Thoughts for the First Sunday of Lent
by Fr Charles FSDM VG
Lent is here. The season of preparation and penitence marking the forty days and forty nights Our Lord spent in the wilderness in preparation for His triumphal entry into Jerusalem and the last days of His earthly life.
In today’s Gospel, both in the Ordinary and Extraordinary Forms of the Roman Rite, we hear the story told by St Luke of the temptation in the wilderness. Three times the devil challenges Him, but three times Jesus puts him down.
“Man does not live on bread alone”;
“You must worship the Lord your God and serve Him alone”;
“You must not put the Lord your God to the test.”
Bread may sustain us in the body, but our souls need more than that – they need faith. “Man does not live on bread alone, but on every word that comes from God.” The bread of Heaven, which is Christ Himself, the Sacrifice of Calvary, present on our Altars every day in the form of the Eucharist. Without the bread of Heaven, we truly are in a wilderness. A life without God is a wilderness, where the temptations of modern life may too quickly catch us up.
So Lent is a time to take a step back; a time of reflection and renewal; a time for self-assessment; a time to take a look at ourselves and see if we are living in a wilderness.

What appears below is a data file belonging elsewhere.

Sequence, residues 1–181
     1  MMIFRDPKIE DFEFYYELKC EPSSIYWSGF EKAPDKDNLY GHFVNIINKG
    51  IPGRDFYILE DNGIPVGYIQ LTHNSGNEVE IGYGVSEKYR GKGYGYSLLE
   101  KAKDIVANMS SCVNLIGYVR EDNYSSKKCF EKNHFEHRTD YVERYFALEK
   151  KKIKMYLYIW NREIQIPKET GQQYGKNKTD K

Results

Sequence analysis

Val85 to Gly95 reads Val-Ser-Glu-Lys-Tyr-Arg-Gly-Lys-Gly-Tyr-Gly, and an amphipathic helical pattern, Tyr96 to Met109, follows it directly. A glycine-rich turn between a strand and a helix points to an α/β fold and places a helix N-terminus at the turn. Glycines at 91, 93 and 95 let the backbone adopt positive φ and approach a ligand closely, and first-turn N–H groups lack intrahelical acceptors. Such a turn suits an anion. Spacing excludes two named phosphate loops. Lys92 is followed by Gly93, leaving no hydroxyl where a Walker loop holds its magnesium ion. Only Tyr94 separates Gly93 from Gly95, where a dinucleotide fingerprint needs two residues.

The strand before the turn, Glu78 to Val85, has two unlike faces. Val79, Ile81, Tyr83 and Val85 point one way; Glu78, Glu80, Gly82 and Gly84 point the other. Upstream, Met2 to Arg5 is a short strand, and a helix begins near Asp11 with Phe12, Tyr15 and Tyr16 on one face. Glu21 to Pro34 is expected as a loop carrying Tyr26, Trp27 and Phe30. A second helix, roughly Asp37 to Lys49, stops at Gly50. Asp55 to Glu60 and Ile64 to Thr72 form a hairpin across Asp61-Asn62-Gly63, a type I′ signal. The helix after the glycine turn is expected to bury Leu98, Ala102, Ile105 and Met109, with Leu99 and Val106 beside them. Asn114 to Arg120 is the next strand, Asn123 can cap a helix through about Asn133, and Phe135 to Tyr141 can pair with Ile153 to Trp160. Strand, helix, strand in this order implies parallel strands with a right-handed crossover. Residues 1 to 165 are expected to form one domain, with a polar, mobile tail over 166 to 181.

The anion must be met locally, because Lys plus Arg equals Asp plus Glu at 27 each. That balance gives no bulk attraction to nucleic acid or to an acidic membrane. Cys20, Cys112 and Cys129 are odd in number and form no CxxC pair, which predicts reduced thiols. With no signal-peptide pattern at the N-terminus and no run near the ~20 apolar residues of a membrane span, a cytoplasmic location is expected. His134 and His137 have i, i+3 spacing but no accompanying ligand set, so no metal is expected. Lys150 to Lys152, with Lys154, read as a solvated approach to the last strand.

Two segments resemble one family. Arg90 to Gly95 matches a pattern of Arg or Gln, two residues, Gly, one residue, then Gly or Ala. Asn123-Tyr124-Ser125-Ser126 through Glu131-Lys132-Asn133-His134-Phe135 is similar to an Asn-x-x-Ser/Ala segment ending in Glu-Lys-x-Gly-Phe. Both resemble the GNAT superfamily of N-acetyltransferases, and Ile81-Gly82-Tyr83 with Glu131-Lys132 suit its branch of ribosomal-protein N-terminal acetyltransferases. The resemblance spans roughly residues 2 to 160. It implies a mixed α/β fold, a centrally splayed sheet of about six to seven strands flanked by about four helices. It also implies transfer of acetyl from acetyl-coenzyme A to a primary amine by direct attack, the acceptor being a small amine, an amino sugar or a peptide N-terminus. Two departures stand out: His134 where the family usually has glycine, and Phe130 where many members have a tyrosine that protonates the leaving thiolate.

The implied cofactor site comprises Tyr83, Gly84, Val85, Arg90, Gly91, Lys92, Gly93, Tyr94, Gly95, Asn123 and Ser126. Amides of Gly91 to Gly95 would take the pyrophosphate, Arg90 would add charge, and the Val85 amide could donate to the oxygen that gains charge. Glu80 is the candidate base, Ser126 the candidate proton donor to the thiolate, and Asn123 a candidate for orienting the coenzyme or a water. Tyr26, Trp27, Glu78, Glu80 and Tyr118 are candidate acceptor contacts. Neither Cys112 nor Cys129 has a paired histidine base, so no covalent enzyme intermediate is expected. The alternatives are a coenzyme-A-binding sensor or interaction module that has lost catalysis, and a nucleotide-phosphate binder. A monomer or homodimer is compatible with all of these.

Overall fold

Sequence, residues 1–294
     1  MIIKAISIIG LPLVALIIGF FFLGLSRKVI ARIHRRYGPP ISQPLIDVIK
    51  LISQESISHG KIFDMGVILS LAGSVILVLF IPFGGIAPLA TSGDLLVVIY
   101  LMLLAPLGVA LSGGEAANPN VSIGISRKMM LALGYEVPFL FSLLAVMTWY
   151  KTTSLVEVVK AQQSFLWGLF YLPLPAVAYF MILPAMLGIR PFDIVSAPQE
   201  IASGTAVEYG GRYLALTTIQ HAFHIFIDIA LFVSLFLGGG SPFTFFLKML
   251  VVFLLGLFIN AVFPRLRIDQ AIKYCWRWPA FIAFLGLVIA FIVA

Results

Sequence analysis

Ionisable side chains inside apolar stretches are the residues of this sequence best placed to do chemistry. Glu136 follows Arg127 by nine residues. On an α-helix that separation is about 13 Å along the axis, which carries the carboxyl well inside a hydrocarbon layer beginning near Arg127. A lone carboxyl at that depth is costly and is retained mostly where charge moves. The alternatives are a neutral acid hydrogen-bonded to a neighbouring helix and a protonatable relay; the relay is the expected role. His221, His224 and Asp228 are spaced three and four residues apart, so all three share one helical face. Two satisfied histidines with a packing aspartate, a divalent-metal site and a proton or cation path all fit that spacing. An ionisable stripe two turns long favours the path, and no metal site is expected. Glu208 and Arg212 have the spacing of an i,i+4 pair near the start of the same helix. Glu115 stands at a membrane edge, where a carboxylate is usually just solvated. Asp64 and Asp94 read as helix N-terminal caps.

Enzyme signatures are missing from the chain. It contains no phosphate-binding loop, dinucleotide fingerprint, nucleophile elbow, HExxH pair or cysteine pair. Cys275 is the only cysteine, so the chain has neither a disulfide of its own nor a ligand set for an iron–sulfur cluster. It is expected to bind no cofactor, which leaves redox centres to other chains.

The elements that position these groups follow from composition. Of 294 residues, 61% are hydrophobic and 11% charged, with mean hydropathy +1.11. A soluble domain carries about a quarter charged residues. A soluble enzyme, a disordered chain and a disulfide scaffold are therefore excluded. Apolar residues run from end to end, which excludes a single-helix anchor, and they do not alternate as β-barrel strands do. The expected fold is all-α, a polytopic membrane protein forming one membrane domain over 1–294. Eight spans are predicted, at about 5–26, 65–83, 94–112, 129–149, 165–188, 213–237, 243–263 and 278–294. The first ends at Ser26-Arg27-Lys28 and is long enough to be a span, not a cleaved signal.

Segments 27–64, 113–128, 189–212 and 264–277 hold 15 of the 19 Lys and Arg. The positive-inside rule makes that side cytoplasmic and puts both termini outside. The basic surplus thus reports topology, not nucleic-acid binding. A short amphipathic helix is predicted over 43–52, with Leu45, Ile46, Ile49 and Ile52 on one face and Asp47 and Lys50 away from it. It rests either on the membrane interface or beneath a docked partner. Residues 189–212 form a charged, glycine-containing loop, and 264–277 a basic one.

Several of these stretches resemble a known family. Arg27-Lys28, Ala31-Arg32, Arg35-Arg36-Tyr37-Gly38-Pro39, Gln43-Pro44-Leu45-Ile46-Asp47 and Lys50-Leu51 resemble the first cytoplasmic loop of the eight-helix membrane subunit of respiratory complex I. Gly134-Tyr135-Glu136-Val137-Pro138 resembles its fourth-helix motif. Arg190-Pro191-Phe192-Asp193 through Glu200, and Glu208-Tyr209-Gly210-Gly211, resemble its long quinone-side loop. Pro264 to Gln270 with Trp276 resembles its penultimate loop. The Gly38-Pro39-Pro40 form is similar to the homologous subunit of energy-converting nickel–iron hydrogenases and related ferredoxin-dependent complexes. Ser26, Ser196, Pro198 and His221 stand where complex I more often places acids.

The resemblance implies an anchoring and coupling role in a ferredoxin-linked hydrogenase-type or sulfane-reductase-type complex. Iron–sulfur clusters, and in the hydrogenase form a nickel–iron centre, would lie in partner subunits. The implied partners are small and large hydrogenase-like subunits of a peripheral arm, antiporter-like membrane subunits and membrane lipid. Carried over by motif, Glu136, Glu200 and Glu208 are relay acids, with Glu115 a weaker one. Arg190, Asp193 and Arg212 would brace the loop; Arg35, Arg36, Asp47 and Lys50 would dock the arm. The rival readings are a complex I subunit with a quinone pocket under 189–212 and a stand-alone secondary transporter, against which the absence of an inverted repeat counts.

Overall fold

We are commended to “give something up for Lent”. Many of us do, be that something like alcohol, meat, smoking, or whatever. But that on its own – just giving something up for the sake of it, is not what it is all about. One needs to be able to do something as well so that our self-mortification brings us closer to God.
Of course, in centuries gone by, things got taken to the extreme, certainly in mediæval times it was common for penitents during Lent to flagellate themselves or carry out other equally extreme forms of penance. One certainly wouldn‘t advocate that as a Lenten observance in the twenty-first century!
The whole idea of Lent is to bring us closer to God. So why not resolve to give Him a bit more time each day, either in prayer, making the effort to attend Mass during the week, by going to Confession – or by quietly doing His work in perhaps visiting somebody who is sick or elderly.
I say quietly doing His work. Jesus was most dismissive about those who made a great show of their religious fervour and zeal, he confirmed that there really is no need at all to make a great song and dance about how holy one wants people to think one is – the only person who really sees is His Father. All He requires is that you act justly, love mercy and walk humbly with Him.
So whatever we have decided to give up for Lent, let us pray that we have the resolve to stick to our Lenten observances, that the Lord will help us through these to come closer to Him, and if we are tempted to “fall off the wagon”, we remember to ask Him “to lead us not into temptation, but to deliver is from evil”.
In the name of the Father, and of the Son, and of the Holy Spirit. Amen.